Melanie Gajowski, co-founder and social entrepreneur in various functions. Photo: Claudia Klein

Money is a many-sple­ndou­red thing

Melanie Gajowski builds bridges between different worlds. She works in the financial industry, for environmental NGOs and social enterprises, and in the fields of zen, yoga and nature-based healing. She is also an ethicist, and sat down with The Philanthropist to reflect on the importance of money.

Walk along Zurich’s Tritt­li­ga­sse until you reach number 16: this is where Mela­nie Gajow­ski meets people, deve­lops new ideas and reflects on nature and busi­ness. It’s a peace­ful spot that over­looks a lush garden that’s almost an oasis in the heart of Zurich.

Money conveys appreciation

In our society, we show our appre­cia­tion of work and perfor­mance with a salary, with money stepping in for some­thing else in this context. It’s a tool that’s often used without our reali­sing it, and it leads to endless discus­sions. Mela­nie Gajow­ski says: ‘Money can also be used to show love and appre­cia­tion, for example if someone buys a box of choco­la­tes or a nice plant, and gives it to someone as a surprise. We can also show this by paying a fair price for services and the manu­fac­ture of products.’ She conti­nues by saying that ‘for me, fair pay is a corner­stone of inter­ac­ting with each other respon­si­bly. We only know what’s fair when we enter into nego­tia­ti­ons and discus­sions with each other. In this respect, money has a great deal to do with expres­sing appre­cia­tion in relationships.’

Money for everyone

There’s plenty of money to go around. Ever­yone should have money, and money that’s not being used can be shared. ‘Sharing is diffe­rent from giving,’ conti­nues Mela­nie Gajow­ski, explai­ning that ‘sharing’ goes beyond the degree that’s normal for ‘giving’. Giving is giving away, she says, whereas sharing, whether in the form of a flat-share or a job-share, means making some­thing avail­able to other people when you’re away. Users pay what they can. And she goes on to confirm that ‘it makes a diffe­rence if you want to do good things because things are going well for you. One person might not be able to afford some­thing, but a group of people belong to a system and when multi­ple people come toge­ther, the purchase beco­mes feasi­ble or the project viable.’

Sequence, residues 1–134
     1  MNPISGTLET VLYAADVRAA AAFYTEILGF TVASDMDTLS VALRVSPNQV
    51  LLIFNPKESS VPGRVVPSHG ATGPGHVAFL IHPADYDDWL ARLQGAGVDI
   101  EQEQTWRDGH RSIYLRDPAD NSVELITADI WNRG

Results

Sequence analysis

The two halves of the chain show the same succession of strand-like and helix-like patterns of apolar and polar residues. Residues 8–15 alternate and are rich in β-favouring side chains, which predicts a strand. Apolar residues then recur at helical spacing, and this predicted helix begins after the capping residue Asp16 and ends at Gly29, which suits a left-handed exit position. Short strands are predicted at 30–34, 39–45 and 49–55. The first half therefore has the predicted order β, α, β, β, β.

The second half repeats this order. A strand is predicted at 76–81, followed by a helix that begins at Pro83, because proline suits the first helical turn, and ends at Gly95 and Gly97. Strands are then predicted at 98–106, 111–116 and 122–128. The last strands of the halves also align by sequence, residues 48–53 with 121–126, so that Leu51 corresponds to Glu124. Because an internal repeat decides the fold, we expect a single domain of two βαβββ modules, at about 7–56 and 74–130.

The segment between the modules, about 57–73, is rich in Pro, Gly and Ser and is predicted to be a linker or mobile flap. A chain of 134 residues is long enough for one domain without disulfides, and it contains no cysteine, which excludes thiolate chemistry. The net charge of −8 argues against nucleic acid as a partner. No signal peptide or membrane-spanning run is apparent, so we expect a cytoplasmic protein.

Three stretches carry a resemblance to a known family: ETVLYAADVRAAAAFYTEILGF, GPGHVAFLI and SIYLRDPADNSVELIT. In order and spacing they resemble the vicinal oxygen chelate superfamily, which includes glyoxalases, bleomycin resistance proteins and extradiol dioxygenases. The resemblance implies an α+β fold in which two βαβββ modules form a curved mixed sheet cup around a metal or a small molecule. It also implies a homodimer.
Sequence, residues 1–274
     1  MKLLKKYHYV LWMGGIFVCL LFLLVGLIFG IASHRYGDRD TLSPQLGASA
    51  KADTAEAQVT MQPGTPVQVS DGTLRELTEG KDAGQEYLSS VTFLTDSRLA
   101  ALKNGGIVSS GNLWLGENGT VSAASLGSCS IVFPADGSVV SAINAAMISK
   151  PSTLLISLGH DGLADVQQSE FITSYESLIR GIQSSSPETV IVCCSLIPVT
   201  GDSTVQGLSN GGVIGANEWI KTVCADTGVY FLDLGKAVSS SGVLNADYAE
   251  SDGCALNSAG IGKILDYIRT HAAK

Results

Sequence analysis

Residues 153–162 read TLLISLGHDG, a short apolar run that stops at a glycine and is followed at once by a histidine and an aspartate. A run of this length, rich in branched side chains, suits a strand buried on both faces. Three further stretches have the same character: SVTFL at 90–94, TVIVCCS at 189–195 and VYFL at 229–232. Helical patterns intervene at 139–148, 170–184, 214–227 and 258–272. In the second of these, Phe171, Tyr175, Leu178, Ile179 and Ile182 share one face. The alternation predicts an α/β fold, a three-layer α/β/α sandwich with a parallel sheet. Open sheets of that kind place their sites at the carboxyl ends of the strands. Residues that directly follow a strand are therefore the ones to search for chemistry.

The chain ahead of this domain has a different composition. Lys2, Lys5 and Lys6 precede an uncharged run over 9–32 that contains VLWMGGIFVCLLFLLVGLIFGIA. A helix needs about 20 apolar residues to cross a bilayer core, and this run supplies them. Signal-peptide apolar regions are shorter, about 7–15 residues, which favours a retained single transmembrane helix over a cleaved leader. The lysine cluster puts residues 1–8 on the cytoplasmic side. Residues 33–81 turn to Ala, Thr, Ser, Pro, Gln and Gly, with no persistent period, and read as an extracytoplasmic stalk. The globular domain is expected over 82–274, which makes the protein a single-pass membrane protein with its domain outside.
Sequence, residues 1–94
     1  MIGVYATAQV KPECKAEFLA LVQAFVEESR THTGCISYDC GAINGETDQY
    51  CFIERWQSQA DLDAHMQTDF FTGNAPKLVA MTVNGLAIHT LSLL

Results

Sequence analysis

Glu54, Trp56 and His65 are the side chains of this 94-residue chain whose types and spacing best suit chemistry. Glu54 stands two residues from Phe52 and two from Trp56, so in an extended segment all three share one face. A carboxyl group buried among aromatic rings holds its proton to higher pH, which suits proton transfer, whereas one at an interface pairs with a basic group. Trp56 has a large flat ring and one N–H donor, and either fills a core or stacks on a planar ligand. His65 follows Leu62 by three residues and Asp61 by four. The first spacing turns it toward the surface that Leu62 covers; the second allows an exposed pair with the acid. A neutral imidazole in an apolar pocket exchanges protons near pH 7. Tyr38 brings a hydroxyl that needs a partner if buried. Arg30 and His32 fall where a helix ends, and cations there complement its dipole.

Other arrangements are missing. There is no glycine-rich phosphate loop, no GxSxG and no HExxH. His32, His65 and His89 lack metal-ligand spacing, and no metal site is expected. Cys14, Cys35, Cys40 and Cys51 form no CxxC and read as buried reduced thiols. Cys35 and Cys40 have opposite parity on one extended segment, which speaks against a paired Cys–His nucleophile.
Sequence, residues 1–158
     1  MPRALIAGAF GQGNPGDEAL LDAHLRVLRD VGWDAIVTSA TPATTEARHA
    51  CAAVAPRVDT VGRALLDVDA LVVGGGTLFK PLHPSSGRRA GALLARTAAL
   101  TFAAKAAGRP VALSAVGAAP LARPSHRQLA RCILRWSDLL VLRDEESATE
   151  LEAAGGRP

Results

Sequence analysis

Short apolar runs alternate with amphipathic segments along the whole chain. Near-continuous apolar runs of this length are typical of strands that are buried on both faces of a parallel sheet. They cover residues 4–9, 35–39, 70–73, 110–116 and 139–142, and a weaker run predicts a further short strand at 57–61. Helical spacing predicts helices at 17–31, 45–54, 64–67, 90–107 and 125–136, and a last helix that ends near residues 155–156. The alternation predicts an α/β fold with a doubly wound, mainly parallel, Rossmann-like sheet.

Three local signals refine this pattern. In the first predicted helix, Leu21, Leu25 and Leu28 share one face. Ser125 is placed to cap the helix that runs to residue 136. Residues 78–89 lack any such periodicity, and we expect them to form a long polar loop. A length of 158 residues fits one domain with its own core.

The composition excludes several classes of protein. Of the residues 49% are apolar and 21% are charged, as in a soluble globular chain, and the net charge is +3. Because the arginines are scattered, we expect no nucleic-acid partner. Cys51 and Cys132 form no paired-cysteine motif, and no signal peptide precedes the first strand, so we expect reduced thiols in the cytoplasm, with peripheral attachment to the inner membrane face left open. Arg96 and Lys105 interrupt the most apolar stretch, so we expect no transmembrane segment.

For Mela­nie Gajow­ski, dona­ti­ons are a form of giving. In gene­ral, when you make a dona­tion, you need to ask why you’re doing it. There is the latent risk of dona­ting so that you feel supe­rior to the person recei­ving the money. ‘Doesn’t it contri­bute to uphol­ding a system of “rich” and “poor”, “north” and “south”?’ she asks. This very question is some­thing we should purpo­se­fully ask oursel­ves: ‘You need to under­take an earnest analy­sis of how you want to earn your money. Every person needs to think about that for them­sel­ves. How they move their money, where they invest it, where they save it and what they do with it. Money always comes from a source,’ she states.

What can money do to us – or not

Mela­nie Gajow­ski calls on people to be more aware when they’re dealing with money. Every single person should deli­ber­ately take some time to stop and reflect on what money does to them. ‘What do I use money for and where is money leading me astray?’ she asks, as an ethi­cist who builds brid­ges between the finan­cial indu­stry and non-profit sector. People often make purcha­ses without really being aware of what they’re doing. She calls on them to scru­ti­nise what purcha­ses are really necessary. ‘In fact, the money at our dispo­sal is often the bree­ding ground for the daily grind that we’re all hoping to escape,’ says Mela­nie Gajow­ski. Money is not a bad thing per se. ‘We need money, I love money,’ she says, adding ‘I can achieve a lot with money, exert influ­ence and do good.’ It’s some­thing really worth bearing in mind: money is power. When you decide to buy some­thing, that purchase has an impact on the envi­ron­ment, say, and, in turn, on the health of people around the globe. We shouldn’t ever forget that.


Mela­nie Gajow­ski is a co-foun­der and social entre­pre­neur who under­ta­kes a variety of roles. She has worked in the finan­cial sector for 30 years, a field she became fami­liar with at Deut­sche Bank and UBS. Today, she works as a free­lance ethi­cist and econo­mist, and is in a job-sharing post as a member of the manage­ment of Alter­na­tive Bank.

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